Market Recap for Thursday, January 24, 2019
Semiconductor stocks ($DJUSSC, +5.10%) soared after a few key earnings reports in the group came in better than expected. Xilinx (XLNX, +18.44%) and Lam Research (LRCX, +15.70%) were two of the best performers, but their results lifted much of the industry group, including Applied Materials (AMAT, +10.23%). The strength in the DJUSSC helped provide a lift to technology (XLK, +0.84%) as a whole. The XLK is now facing overhead trendline resistance and price resistance from 65.50-66.50:
The volume hasn't been nearly as high on the push higher, which is bothersome to me, but as long as the XLK can continue to bounce off rising 20 day EMA support, I'm ok with the short-term outlook. Like so many other areas of the market, the longer-term picture is much cloudier and bearish. Therefore, if the short-term bullishness wanes, you'll want to approach the market with an abundance of caution.
Weakness on Thursday was found mostly in defensive stocks. Consumer staples (XLP, -1.24%) and healthcare (XLV, -0.84%) performed poorly as tobacco ($DJUSTB, -3.21%) and pharmas ($DJUSPR, -2.14%) were the primary culprits.
Intel (INTC) reported dismal quarterly results after the bell last night, which could dampen the enthusiasm that we saw from semiconductor stocks on Thursday. Earnings this morning came up mostly short of EPS expectations as well. But the U.S. market appears to be focusing on what it hopes is the end of the government shutdown. That anticipation has Dow Jones futures higher by more than 100 points with 30 minutes left to the opening bell.
Cyclical bear markets, which is what I believe we're experiencing, do not last nearly as long as the secular bear markets that we saw in 2000-2002 and 2007-2009. Our last two cyclical bear markets occurred in 1998 and 1990 and their charts can be seen below:
1998 Cyclical Bear Market:
The initial drop was 21.3% and the subsequent bear market rally was 13.6% before the S&P 500 tumbled one more time to mark a double bottom. That set the major low as the bull market resumed until the secular bear market began in 2000.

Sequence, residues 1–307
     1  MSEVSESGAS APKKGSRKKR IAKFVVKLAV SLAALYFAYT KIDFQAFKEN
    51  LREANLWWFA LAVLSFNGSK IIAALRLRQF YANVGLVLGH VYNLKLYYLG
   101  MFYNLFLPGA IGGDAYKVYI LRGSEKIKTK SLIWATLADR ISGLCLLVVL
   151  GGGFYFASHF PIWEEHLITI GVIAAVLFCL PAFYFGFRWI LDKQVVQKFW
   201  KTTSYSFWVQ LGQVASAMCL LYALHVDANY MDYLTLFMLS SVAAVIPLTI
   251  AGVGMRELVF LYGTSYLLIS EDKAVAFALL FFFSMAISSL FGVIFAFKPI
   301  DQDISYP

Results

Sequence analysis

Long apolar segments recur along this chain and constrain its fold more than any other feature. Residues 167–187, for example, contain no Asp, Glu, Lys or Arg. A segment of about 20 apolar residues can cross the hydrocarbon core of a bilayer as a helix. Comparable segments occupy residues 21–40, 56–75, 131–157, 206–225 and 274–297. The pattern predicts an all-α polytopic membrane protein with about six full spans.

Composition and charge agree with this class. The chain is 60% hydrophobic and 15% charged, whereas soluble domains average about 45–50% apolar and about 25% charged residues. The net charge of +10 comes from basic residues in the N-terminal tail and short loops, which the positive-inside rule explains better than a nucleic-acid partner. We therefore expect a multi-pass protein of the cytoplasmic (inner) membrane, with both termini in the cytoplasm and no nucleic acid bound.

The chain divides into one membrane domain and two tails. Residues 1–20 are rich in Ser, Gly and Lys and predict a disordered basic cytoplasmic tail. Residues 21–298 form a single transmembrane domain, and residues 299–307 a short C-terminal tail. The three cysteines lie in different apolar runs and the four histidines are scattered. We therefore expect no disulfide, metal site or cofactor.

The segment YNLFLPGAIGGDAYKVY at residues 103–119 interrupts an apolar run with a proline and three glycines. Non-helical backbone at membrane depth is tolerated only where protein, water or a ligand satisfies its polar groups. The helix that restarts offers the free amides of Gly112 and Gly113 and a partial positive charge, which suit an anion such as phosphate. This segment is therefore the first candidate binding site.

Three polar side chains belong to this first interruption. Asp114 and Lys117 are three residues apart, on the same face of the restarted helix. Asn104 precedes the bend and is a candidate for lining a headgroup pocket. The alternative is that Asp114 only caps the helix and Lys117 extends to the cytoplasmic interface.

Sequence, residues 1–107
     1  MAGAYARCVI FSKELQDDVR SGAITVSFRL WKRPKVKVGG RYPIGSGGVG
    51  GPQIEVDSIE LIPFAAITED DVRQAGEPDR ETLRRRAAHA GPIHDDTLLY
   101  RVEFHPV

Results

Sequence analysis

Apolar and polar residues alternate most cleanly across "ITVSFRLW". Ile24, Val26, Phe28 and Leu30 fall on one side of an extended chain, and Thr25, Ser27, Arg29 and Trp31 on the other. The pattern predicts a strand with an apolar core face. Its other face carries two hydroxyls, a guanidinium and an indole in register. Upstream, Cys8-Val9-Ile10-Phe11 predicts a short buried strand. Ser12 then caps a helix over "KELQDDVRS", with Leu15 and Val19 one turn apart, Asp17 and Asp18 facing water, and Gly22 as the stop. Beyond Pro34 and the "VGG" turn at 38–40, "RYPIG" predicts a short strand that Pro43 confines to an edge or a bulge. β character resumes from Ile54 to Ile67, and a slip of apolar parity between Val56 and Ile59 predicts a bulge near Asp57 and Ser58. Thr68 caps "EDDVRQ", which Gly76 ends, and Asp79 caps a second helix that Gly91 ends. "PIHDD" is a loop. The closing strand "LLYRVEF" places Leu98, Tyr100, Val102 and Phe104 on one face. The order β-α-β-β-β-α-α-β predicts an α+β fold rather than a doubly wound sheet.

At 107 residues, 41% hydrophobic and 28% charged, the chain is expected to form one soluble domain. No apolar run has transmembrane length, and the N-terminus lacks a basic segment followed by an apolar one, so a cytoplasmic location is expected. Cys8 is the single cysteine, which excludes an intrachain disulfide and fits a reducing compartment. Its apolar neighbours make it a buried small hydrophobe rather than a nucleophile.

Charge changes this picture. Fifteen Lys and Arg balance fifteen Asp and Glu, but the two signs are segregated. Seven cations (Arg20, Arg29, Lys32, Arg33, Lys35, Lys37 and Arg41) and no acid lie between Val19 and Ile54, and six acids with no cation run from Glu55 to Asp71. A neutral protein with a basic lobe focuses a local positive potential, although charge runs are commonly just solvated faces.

1990 Cyclical Bear Market:
I see similarities. The initial drop was similar to 1998. The initial bear market rally was similar as well. Both cyclical bear markets saw retests of initial lows to set a bottom for the secular bull market to resume.
It's impossible to say how 2019 will unfold, but history suggests we don't have "V" bottoms like the one in place now. For comparison purposes, here's how the current cyclical bear market stacks up:
Let's keep an eye on treasuries. Yesterday, the 10 year treasury yield ($TNX) tumbled four basis points to 2.71%. It is rebounding this morning and is back to 2.74%. The 2.70%-2.80% now appears to be the battleground. A breakout to the upside will likely lead to further rotation away from treasuries, which is typically bullish for equities. But a drop in the TNX below 2.70% would indicate that traders are moving deeper into safety, historically a bearish development for stocks.
Here are the historical returns and ranks for February:
S&P 500 (since 1950): +0.63% (ranks 9th out of 12 calendar months)
NASDAQ (since 1971): +7.81% (ranks 7th out of 12)
Russell 2000 (since 1987): +14.25% (ranks 6th out of 12)
Key Earnings Report
(actual vs. estimate):
ABBV: .90 vs .92
APD: 1.86 vs 1.87
CL: .74 vs .73
DHI: .76 vs .78
ERIC: (.09) vs .13
HRC: 1.02 vs .98
IBKC: 1.86 vs 1.78
LEA: 4.05 vs 3.96
NEE: 1.49 vs 1.51
Key Economic Report
December durable goods released at 8:30am EST: +1.8% (estimate - delayed due to govt. shutdown)
December durable goods released at 8:30am EST: +0.0% (estimate - delayed due to govt. shutdown)
December new home sales to be released at 10:00am EST: 569,000 (estimate)